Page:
One of the biggest challenges any entrepreneur faces is raising capital. It’s a lucrative industry, which is why there are so many reality shows based on the concept. Shark Tank, The Pitch, and even companies dedicated to venture capital. Lots of billionaires double up as angel investors, funding start-ups so they can cash in later.
As an online business entrepreneur, all these avenues are open to you. Your main advantage is you can succeed with far less start-up cash. Chris Guillebeau wrote a book called The $100 start-up and hosts a podcast called Side Hustle School. In both, he gives numerous examples of low-income start-ups and gives stats on their progress.
The ventures showcased include things as zany as chicken saddles, worm farms, and importing crickets … to more ‘serious’ gigs like developing online training programmes for accountants and special needs teachers. The entrepreneurs on the show range from tweens and teenagers to retirees, and a lot of them started with $100 or less.
How much do you need?
Your best starting point is to trim your budget as far as it will go. Work out of your home, or use a friend’s space to cut down rent and utilities. Don’t make or buy excess stock until you’re sure you can move it. This also saves the expense of storage space. Where possible, request pre-orders and deposits so you don’t have to produce out of pocket. Get someone you trust to draft your starting costs. They’re more likely to be objective.Once you have a figure, look into your savings. Ideally, we’re focusing on $100, maybe $500 on the upper side. If you start inching towards $1,000, consider a smaller project, at least to start with. If you have a weekly or hourly job, decide to focus on raising that $100 to $500. Forego some treats and be ruthless in your savings tactics for a few weeks or months, until you can raise that amount.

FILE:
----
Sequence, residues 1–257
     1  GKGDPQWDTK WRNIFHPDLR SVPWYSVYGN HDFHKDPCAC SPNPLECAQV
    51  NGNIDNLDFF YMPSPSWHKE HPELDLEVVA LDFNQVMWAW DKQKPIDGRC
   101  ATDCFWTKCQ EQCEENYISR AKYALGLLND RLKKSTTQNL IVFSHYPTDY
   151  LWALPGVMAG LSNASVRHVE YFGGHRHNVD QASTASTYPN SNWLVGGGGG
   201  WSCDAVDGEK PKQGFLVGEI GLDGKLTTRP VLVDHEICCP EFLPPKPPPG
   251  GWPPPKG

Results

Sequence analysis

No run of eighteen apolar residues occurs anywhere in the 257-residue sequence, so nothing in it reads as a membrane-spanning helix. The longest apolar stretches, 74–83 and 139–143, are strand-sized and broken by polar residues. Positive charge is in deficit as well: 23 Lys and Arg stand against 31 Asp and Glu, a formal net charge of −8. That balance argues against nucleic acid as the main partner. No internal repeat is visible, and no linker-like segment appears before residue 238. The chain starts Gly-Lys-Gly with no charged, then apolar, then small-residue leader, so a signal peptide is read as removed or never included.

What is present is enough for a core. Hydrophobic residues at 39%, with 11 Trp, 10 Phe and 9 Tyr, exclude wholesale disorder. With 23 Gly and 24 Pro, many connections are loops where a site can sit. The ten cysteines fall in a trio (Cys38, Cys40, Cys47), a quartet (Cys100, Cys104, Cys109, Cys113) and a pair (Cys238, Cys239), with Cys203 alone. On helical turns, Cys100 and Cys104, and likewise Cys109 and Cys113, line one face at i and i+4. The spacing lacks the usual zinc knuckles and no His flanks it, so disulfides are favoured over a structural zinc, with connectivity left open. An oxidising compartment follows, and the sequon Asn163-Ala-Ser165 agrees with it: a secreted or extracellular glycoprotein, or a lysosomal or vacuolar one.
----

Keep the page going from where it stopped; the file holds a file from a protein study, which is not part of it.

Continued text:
Another option is to ask friends and family to invest in your business. You could sell them shares, or take a soft loan, depending on the relationship you have with them. If you’re offering shares, make sure you always retain majority stake, just so they don’t turn on you when your venture succeeds. For example, you could sell 30% of your shares.
Say you divide your company in 1,000 shares. Keep 700 and sell the rest at $1 each. This way, you only need 5 investors of $20, or 10 investors of $50 each. This same approach can be used on crowd-funding sites. If your business is arts-related e.g. a writer, film-maker, podcaster, v-logger, or robot-designer, you could open a Patreon and request fans of your work to support you. Many will be willing to sponsor you with $1 to $5 a month.
In exchange, offer exclusive access to your stuff. Or you could use sites like Kickstarter, Indiegogo, Appbackr, or Sellaband. Whether they’re intimates or strangers, the best way to raise funds is to just ask … so pick your prospective sponsors wisely.